Privacy and Security: What Is Considered Protected Health Information Under HIPAA?
If your business operates within the U.S. healthcare industry as a HIPAA-covered organization, or you are considering doing business with clients subject to HIPAA, it is crucial to understand what constitutes protected health information and related requirements concerning permitted uses and disclosures of such information.
At Kendall PC, our experienced data protection and privacy lawyers can guide your company through the complexities of HIPAA law. Our knowledgeable legal team advises clients on every aspect of privacy and data security, offering tactical insights on a variety of compliance and transaction-based strategies. We can also help you navigate data breach or security incident investigations, responses, notifications, and remedial measures.
What Is HIPAA?
The Health Insurance Portability and Accountability Act (HIPAA) of 1996 is the signature law that governs the use of, access to, and disclosure of protected health information (PHI) or electronic protected health information (ePHI) in the United States.
Colloquially, “HIPAA” refers to HIPAA, the Health Information Technology for Economic and Clinical Health (HITECH) Act and related rules and regulations. Collectively, they require HIPAA-covered organizations – Covered Entities (CEs) and their Business Associates (BAs) – to implement policies and procedures to protect the privacy and security of PHI and ePHI and administer HIPAA training for workforce members.
Such laws and related regulations further define strong enforcement provisions that allow the Office for Civil Rights (OCR) of the U.S. Department of Health and Human Services (HHS) to impose administrative penalties and fines against violators. Certain violations under the Privacy Rule may also subject individuals and entities to criminal liability.
CEs include health plans, health care clearinghouses, and health care providers who conduct HIPAA-standard administrative and financial electronic transactions (including most providers, such as those who accept Medicare, Medicaid, or private insurance).
BAs are those entities and individuals who perform certain functions or activities on behalf of, or provide certain services to, a CE that involve accessing, creating, receiving, maintaining, or transmitting PHI. BAs also include subcontractors of the BA that create, receive, maintain, or transmit PHI on the BA’s behalf.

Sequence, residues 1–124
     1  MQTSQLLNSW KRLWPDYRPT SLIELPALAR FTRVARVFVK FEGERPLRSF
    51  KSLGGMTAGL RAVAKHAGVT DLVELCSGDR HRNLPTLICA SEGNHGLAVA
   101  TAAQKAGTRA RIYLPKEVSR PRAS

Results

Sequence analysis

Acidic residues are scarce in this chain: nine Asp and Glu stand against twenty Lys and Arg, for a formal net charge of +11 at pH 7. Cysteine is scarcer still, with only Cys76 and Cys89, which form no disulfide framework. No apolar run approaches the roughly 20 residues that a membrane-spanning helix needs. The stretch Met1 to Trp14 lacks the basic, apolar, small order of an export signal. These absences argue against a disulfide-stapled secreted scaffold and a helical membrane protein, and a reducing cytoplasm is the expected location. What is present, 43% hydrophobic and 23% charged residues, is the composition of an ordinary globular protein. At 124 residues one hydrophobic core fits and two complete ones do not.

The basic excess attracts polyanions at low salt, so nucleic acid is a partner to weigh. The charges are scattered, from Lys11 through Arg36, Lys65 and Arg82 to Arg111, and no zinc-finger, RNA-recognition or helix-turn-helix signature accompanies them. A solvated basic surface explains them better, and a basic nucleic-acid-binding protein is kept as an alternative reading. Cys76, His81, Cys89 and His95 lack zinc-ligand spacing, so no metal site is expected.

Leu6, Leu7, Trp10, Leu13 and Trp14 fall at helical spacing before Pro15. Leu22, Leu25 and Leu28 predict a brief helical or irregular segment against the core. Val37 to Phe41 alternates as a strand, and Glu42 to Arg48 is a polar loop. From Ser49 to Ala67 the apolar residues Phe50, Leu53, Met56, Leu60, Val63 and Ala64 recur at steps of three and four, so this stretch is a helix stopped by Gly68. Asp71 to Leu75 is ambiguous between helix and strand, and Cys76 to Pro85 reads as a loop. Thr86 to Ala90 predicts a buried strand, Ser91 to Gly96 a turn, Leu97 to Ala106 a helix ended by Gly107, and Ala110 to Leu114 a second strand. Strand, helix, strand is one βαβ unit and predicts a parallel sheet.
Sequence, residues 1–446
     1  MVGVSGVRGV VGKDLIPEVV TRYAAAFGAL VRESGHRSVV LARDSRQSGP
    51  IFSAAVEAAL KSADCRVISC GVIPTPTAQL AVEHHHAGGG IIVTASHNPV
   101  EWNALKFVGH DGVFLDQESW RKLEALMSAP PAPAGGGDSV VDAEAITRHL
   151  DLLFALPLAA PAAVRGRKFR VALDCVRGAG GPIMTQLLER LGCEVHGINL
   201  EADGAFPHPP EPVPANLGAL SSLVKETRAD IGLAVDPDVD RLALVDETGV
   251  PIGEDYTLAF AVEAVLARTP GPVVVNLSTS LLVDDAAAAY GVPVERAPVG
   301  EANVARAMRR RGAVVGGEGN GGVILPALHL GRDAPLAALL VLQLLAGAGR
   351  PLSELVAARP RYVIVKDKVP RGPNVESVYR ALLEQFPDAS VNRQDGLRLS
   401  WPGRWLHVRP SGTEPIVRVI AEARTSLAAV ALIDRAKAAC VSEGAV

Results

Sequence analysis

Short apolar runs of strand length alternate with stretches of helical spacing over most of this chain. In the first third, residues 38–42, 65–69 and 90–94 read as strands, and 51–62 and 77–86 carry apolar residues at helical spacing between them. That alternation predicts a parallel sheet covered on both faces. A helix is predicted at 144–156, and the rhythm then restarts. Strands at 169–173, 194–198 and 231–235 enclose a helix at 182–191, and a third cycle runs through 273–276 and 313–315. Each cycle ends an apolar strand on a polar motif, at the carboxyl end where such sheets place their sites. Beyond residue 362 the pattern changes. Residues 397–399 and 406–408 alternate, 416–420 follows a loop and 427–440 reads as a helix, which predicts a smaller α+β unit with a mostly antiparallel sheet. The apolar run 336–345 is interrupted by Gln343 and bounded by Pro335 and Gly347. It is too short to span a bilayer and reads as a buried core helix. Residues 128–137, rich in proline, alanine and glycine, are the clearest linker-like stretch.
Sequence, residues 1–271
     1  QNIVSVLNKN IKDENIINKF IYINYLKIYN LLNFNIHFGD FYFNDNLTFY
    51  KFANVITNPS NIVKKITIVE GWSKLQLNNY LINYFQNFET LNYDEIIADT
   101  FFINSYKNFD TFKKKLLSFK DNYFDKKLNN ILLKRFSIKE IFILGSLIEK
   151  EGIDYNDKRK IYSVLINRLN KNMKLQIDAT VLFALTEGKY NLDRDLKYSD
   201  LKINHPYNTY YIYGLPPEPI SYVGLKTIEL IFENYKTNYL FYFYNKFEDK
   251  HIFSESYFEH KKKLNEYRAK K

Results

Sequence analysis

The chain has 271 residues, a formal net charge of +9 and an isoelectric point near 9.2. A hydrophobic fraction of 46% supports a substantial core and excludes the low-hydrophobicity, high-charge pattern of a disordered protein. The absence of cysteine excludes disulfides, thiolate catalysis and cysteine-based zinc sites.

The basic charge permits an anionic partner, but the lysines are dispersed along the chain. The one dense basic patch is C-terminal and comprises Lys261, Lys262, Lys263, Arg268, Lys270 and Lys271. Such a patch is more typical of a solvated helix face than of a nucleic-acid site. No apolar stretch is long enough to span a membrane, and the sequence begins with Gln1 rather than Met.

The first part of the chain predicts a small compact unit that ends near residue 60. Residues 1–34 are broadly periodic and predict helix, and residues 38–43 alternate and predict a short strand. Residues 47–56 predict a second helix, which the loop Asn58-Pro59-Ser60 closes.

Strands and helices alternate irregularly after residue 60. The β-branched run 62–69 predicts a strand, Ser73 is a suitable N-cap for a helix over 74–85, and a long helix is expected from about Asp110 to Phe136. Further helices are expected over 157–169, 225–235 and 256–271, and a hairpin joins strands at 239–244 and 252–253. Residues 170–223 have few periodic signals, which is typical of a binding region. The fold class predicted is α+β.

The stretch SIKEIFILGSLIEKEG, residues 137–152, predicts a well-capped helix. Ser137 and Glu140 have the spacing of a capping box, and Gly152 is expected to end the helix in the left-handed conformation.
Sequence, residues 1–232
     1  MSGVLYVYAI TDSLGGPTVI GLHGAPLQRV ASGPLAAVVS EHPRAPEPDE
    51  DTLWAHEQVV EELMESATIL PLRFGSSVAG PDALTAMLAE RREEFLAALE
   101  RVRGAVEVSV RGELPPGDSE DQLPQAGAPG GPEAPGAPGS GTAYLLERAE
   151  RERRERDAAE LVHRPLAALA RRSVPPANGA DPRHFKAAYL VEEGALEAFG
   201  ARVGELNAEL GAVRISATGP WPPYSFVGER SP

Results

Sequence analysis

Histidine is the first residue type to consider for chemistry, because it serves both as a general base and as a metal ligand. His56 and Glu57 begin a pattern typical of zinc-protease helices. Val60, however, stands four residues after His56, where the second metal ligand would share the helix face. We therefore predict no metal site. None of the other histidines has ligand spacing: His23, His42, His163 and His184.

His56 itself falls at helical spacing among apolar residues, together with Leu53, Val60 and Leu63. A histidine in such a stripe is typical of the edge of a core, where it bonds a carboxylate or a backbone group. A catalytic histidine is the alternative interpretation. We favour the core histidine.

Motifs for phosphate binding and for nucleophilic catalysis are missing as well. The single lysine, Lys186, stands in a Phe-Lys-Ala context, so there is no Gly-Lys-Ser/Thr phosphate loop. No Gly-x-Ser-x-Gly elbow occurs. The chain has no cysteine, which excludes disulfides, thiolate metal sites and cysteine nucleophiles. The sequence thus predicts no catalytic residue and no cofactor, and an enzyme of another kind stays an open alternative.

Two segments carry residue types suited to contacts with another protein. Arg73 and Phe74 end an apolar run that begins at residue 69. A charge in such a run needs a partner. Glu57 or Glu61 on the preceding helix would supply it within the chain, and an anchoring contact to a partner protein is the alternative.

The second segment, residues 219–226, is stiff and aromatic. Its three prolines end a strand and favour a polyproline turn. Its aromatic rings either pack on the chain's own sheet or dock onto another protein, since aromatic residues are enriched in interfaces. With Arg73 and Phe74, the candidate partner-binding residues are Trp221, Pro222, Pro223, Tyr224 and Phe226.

HIPAA requires CEs to enter into Business Associate Agreements (BAAs) with their respective BAs under which BAs must contractually agree to use PHI only for specified purposes, safeguard PHI from misuse, address data breaches and security incidents, help the applicable CE comply with applicable privacy and data protection laws, and hold the BA’s subcontractors to the same standards.
Elements of HIPPA Regulations
Inclusively, HIPAA regulations consist of the following elements:
The Privacy Rule addresses the use and disclosure of PHI by CEs and gives individuals certain rights regarding their PHI to understand and control how their information is used. One important aim of the Privacy Rule is to ensure that an individual’s PHI is properly protected while allowing the flow of health information necessary to provide and promote health care and to protect the public’s well-being.
The Security Rule requires CEs to implement reasonable and appropriate safeguards to protect ePHI. Under the Security Rule, CEs must protect patients’ ePHI by implementing appropriate technical, administrative, and physical safeguards to ensure the security, integrity, and confidentiality of this information. More specifically, CEs must ensure the confidentiality, integrity, and availability of all ePHI, detect and safeguard against anticipated threats to the security of ePHI, protect against anticipated impermissible uses or disclosures, and certify compliance by their workforce.
The Enforcement Rule relates to compliance and investigations and describes possible civil monetary penalties and hearing procedures.
The HITECH Act strengthened HIPAA’s Privacy and Security Rule requirements by expanding various privacy protections and extending certain HIPAA requirements directly to BAs.
Breach Notification Rule
Established under the HITECH Act, the Breach Notification Rule requires CEs to notify HHS and affected individuals when breaches of unsecured PHI occur. The Breach Notification Rule further requires BAs to notify affected CEs of breaches.
Final Omnibus Rule
The Final Omnibus Rule implements remaining HITECH privacy, security, and enforcement provisions.
What Is PHI?